“We’re really getting the school into Texas Tech basketball,” Crockett said. “It’s really been focused on football here at Tech. The students are getting into it and the community’s coming, but you have to win. That’s what’s going to draw people. They bring so much energy, and that’s that sixth man on the court. It helps a lot.”
Most recently Tech lost at home by one to Kansas in front of 12,667 fans.
“I’m trying to remember, when we came down here when I first got here when Coach Knight was here, I remember it being good,” Kansas head coach Bill Self said. “And then since then it hasn’t been like this. I thought the crowd was good. I don’t know how many people were here or anything like that. If I was a basketball fan living in this part of the state, I would really latch on and buy into what Tubby and his staff are trying to do and support them. They’re going to get better. The guy knows how to win. He’s a proven winner and his team plays hard.”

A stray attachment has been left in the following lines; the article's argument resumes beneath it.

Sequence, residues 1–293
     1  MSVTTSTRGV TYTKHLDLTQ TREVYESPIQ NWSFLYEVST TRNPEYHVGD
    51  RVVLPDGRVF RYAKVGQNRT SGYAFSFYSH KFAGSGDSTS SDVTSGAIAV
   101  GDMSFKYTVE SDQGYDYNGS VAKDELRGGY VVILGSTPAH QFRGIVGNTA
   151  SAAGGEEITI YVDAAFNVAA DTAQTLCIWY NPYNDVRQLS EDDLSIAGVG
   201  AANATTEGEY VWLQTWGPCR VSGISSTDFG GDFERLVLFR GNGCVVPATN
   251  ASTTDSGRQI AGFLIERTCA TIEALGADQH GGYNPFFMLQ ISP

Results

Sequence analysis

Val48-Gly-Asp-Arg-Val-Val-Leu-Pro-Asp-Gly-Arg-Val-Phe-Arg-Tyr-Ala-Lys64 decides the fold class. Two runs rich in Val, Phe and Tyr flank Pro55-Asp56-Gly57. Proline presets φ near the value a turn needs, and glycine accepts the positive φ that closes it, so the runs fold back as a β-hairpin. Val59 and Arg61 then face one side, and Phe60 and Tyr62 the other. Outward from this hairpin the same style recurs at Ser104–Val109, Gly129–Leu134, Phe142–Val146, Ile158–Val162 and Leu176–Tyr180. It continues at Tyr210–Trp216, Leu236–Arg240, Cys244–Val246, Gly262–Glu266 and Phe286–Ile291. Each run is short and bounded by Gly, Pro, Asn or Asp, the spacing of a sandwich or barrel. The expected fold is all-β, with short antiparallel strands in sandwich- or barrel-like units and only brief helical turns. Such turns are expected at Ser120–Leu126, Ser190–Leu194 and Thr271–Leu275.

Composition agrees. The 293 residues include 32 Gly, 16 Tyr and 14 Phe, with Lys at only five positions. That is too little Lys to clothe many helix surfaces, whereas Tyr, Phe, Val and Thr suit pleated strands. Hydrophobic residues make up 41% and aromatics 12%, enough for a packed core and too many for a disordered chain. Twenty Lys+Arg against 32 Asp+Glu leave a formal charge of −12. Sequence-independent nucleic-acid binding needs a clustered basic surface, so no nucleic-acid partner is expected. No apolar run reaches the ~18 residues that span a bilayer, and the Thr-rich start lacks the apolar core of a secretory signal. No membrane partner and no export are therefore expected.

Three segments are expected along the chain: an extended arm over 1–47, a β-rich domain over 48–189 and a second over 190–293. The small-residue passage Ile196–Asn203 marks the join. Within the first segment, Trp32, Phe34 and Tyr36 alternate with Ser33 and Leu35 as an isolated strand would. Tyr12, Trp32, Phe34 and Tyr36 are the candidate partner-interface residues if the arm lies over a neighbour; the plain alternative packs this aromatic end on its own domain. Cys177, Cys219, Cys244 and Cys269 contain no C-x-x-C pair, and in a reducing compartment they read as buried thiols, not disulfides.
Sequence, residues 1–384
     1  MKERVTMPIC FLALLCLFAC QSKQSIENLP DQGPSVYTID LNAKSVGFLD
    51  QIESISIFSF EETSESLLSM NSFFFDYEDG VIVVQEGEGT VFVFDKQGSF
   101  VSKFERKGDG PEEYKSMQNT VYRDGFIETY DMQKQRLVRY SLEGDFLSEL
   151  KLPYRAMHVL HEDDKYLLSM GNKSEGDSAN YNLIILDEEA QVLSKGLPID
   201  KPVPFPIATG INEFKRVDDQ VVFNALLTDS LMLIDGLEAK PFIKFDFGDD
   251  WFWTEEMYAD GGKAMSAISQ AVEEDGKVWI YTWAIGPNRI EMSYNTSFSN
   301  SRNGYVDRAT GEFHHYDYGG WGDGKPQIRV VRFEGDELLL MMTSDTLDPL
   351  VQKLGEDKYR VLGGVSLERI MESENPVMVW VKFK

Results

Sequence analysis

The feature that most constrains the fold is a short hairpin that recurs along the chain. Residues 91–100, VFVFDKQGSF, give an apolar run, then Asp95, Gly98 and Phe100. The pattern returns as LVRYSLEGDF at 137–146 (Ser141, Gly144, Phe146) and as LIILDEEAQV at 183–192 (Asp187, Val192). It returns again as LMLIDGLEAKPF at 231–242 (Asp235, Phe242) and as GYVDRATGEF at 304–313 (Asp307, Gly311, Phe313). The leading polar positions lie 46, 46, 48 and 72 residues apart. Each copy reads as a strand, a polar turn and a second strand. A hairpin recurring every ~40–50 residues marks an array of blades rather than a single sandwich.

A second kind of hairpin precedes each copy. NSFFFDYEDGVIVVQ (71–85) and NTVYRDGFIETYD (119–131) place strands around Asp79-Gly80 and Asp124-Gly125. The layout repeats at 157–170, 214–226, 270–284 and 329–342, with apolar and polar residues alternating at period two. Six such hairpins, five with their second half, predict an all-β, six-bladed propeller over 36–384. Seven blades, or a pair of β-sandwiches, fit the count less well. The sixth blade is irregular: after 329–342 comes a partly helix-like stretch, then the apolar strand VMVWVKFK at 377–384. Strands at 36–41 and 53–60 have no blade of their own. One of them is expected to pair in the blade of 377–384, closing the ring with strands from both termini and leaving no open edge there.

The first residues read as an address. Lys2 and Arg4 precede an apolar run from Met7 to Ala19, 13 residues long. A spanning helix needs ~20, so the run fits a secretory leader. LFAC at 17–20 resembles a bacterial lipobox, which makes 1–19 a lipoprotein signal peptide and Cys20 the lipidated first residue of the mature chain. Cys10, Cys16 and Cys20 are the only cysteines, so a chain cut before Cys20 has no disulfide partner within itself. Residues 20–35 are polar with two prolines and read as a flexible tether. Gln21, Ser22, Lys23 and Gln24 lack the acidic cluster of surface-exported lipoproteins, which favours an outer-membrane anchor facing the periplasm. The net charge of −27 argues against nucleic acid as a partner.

Tech is 10-4 at home this season, the most victories at home since 2011.
“It’s a compliment to our fans and to our student body and to our administration, especially our marketing people,” Smith said. “They’ve done a good job of getting out and spreading the word and they’ve asked me to do some of those things. Our guys are playing well. They’re playing hard. That’s what people want to see.”
Follow Krista on Twitter